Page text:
Hand Fitting Butterfly Key Joints

One of the more stimulating aspects of BDDW is their conscious choice of materials and production methods. Their furniture is predominantly made from select domestic hardwoods like black walnut, oxidized maple, and distressed oak. In an effort to craft visually and structurally timeless pieces, they rely on traditional joints throughout their collection. The butterfly joints above are particularly striking examples of the marriage between stability and design.

Captain’s Mirror – wooden frame, leather strip, and machined bronze hanging puck

 In addition to their solid wood furniture, they also work in a variety of other materials. BDDW also dabbles in custom-cast bronze, blown glass, hand-thrown ceramics, and woven rugs. In fact, BDDW has a stable of visiting artists that includes woodworkers Aaron Scaturro and Kieran Kinsella, lighting designer Lindsey Adelman, and ceramicist Natalie Page. This constant influx of creative minds continually broadens the scope of BDDW’s already extensive collection.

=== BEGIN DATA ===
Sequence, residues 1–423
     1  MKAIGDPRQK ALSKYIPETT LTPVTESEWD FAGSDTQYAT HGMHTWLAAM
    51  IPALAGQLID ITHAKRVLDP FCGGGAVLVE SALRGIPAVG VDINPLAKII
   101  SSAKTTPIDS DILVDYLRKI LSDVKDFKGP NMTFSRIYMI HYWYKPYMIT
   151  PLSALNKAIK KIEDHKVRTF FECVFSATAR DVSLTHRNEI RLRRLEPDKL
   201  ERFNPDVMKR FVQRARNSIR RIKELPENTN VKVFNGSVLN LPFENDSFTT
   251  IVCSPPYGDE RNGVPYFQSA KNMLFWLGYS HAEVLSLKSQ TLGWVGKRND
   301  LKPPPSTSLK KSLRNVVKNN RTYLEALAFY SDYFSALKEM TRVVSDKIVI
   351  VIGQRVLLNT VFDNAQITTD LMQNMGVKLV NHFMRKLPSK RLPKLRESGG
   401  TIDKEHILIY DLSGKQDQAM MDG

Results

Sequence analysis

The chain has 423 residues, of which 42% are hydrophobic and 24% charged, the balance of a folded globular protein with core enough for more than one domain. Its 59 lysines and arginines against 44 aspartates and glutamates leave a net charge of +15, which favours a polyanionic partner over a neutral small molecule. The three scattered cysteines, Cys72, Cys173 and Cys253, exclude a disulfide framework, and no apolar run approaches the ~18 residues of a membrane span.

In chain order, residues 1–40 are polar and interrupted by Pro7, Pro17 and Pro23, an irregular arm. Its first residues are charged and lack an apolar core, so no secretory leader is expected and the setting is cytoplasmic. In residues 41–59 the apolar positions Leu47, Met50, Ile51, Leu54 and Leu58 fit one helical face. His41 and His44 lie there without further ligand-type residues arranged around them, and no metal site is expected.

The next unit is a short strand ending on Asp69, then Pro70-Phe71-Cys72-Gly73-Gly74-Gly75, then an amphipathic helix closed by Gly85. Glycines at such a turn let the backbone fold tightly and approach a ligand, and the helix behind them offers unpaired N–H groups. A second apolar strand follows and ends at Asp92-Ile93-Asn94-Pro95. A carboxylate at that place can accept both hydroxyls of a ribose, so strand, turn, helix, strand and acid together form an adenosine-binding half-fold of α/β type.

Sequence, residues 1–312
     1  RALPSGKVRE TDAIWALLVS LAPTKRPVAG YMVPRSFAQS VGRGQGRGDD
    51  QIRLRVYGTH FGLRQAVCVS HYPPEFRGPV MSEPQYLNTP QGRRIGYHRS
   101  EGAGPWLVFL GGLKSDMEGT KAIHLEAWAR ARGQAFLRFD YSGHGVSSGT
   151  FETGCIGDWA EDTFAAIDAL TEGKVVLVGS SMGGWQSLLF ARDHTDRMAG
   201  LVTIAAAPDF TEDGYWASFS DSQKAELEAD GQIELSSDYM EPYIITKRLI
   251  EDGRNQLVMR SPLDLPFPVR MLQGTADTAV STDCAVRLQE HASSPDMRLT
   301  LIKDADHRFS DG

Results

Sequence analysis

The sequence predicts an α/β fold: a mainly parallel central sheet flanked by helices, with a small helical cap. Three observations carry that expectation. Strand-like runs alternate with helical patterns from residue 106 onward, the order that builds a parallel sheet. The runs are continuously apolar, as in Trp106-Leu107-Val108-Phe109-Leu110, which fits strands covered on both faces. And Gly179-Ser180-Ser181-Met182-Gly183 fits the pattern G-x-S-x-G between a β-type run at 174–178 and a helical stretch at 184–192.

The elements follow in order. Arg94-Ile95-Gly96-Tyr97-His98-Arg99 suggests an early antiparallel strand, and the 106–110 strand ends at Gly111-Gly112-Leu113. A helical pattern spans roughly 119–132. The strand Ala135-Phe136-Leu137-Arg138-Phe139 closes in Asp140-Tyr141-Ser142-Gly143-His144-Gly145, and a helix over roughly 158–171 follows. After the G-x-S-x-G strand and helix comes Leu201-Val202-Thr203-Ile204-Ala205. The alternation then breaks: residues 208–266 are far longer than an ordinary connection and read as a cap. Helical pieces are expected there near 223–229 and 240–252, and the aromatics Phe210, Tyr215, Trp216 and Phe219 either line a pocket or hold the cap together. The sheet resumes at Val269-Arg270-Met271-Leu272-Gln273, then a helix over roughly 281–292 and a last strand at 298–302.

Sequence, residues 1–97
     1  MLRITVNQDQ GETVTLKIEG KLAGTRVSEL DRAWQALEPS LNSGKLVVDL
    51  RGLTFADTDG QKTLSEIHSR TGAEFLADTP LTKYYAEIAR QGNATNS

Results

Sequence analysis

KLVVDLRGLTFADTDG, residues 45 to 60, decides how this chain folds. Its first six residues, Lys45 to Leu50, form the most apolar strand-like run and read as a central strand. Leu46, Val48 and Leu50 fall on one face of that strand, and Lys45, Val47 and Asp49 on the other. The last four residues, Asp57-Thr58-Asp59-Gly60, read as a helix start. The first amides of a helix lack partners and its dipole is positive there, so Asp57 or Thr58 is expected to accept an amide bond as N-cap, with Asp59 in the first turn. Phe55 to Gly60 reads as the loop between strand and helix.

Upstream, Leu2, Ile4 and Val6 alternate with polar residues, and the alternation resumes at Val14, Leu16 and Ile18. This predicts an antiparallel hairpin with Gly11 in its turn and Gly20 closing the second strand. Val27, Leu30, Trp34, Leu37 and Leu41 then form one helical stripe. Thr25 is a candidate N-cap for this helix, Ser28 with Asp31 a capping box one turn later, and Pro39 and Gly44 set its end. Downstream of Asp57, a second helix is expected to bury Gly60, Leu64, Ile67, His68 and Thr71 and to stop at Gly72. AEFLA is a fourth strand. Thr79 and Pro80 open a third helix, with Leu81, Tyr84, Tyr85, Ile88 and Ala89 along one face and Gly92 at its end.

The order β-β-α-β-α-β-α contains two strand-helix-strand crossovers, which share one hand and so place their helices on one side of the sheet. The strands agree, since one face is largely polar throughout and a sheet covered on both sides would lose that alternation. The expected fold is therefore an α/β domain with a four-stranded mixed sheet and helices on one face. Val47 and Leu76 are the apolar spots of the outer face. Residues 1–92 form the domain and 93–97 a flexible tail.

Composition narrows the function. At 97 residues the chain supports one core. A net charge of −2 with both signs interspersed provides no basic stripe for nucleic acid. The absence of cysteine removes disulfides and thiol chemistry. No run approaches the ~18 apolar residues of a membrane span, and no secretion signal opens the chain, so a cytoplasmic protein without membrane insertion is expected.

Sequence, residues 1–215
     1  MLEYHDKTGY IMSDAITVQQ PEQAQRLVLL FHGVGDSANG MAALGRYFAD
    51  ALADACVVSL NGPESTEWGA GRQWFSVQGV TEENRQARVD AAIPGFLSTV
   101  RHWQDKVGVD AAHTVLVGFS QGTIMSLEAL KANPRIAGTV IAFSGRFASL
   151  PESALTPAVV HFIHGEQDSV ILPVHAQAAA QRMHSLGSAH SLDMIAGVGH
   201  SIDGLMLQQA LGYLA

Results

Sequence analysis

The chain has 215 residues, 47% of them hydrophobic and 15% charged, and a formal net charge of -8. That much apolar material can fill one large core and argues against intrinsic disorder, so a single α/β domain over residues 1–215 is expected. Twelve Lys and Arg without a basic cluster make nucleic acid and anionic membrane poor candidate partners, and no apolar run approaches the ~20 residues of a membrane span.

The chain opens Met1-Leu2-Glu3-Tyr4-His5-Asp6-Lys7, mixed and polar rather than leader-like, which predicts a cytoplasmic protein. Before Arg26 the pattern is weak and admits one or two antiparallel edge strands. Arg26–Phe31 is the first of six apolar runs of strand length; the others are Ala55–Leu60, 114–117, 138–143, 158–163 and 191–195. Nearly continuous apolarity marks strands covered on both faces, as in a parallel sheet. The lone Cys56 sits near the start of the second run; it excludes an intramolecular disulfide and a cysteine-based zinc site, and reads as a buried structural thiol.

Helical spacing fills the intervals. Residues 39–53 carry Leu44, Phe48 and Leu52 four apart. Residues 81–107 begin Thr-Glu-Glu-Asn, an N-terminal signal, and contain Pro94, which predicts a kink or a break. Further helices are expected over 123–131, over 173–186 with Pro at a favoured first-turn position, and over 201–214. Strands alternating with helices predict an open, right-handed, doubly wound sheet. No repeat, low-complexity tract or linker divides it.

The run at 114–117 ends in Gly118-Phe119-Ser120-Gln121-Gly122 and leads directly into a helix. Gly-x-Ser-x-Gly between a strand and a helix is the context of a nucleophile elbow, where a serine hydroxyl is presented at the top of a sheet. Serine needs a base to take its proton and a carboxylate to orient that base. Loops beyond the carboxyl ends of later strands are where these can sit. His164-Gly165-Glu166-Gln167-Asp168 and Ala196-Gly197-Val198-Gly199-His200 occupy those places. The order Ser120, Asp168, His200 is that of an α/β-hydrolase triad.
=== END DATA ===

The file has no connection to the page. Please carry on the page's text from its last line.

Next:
Tall Storage Chest & Wooden Side Tables

Be sure to check out the many images from their online portfolio in the gallery below. You can also find more information about BDDW by visiting their website.

 

Loyal Dean’s “Daringly Organic” Handmade Skateboards

Loyal Dean is a small company based in Los Angeles that crafts some of the most visually arresting and functionally superior skateboards on the market. Drawing on several decades of woodworking and riding experience, the team produces one of a kind all-wooden skate decks in a variety of shapes from downhill bombers to small cruisers.

Bottle Nose Detail (image courtesy of Hiddengarments.cn)

Every board is both designed and crafted exclusively in the US – but in a very special way. Around 40% of Loyal Dean’s lumber is reclaimed and thus carries a great deal of character along with it.